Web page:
The Force frame is built with lateral stiffness in mind, but it is one of the lighter dual-suspension frames that GT has produced. Large-diameter frame tubes and wide, 15-millimeter suspension-pivot axles keep the frame stiff and light. Cables run externally below the down tube and the dropper seatposts are internally routed through a port behind the seat tube. To keep the bike’s weight low, the Fox CTD shock is driven by the upper end of the PathLink and through a seat tube tunnel. The 12-millimeter through axle uses a Maxle release system and all of the major frame pivots are clamped in place. The new frame design looks much cleaner and simpler than anything that has come from GT in a while – and the aluminum version is an identical copy. Sizes offered are X-small, small, medium and large.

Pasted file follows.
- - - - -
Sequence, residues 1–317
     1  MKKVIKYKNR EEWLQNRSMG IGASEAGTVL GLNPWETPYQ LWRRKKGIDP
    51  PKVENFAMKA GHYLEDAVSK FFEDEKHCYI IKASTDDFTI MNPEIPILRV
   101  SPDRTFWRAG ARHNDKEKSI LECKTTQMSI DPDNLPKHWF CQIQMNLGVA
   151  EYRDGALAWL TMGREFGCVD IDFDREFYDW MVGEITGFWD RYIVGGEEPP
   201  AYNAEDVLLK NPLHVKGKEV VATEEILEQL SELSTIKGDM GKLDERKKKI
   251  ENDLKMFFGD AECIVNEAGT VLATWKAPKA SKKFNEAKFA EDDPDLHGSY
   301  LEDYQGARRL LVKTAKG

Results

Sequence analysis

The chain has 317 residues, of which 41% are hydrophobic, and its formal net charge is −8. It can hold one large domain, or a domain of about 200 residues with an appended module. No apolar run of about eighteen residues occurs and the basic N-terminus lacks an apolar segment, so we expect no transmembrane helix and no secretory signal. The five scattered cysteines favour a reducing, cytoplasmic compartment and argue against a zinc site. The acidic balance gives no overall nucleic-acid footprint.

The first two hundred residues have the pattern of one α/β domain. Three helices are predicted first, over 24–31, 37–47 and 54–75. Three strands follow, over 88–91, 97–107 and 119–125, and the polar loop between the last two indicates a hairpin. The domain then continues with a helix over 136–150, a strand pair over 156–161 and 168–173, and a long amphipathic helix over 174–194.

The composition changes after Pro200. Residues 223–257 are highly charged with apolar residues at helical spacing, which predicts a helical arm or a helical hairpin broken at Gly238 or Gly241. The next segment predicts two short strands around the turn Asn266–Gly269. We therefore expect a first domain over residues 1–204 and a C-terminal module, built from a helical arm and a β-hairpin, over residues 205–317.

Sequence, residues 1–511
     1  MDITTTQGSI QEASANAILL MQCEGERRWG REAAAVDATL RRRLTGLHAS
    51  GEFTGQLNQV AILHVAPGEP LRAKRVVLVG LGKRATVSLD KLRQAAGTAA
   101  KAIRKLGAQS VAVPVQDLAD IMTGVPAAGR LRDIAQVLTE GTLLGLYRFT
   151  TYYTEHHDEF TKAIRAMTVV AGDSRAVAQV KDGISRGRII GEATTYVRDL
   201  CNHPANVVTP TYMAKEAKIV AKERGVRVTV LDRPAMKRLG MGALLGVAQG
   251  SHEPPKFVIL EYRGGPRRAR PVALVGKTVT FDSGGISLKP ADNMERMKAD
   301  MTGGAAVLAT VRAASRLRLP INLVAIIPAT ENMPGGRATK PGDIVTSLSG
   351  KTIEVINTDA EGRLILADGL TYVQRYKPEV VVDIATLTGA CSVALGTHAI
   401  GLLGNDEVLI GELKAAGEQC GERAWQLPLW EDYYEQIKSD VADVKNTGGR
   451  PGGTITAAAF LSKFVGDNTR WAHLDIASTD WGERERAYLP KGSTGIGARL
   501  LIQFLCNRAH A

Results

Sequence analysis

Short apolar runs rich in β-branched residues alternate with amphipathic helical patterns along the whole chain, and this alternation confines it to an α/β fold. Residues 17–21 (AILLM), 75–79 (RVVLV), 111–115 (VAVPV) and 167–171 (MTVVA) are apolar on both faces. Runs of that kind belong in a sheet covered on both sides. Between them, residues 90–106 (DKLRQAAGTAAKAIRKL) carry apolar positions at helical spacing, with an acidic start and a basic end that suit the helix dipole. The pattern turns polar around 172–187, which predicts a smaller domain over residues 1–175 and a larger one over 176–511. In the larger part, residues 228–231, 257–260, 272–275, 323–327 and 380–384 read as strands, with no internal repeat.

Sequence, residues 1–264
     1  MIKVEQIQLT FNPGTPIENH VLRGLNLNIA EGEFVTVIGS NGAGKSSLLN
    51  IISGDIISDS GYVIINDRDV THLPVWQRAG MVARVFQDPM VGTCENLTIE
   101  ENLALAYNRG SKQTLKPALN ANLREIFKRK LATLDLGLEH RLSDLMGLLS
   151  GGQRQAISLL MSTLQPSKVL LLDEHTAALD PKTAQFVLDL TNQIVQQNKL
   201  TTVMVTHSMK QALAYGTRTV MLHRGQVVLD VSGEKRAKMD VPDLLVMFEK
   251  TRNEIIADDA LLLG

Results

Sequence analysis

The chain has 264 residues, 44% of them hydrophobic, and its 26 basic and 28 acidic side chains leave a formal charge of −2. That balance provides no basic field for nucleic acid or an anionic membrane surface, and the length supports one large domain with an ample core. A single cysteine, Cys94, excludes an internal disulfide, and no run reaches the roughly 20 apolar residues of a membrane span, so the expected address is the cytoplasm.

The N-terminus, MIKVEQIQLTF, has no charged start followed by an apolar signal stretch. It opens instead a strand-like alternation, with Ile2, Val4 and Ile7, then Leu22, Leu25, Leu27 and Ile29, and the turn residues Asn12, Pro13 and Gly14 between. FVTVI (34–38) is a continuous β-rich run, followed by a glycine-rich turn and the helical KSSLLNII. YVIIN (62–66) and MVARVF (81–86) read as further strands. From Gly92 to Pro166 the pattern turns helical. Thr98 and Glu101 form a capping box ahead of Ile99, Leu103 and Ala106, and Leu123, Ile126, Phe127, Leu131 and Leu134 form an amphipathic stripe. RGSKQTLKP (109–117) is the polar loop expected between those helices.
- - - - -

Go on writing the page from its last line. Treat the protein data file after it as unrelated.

GT got the parts right on the Force, with a Shimano XTR transmission, Fox’s latest Kashima CTD suspension, headlined by a Float 34 fork, tubeless Continental Trail King tires, wheels from e-thirteen, a RockShox Reverb Stealth dropper post, and a 760-millimeter handlebar sitting on a 60-millimeter stem. The only questionable choice was the Shimano triple crankset, which GT’s mountain bike marketing director defended as a choice that they made to cater to the booming European market. I must not have drank the same Koolaid. Dan Atherton’s Force used a single, 32-tooth chainring and he was going pretty fast. I am sure that GT did their homework, but I would be happier with a 34/22, two-by crankset. The good news is that you can ditch the 40-tooth sprocket and switch it out with a bash ring. More at GT 2014: Four models of the Fury – and Two Trailbikes: 650B Sensor and Force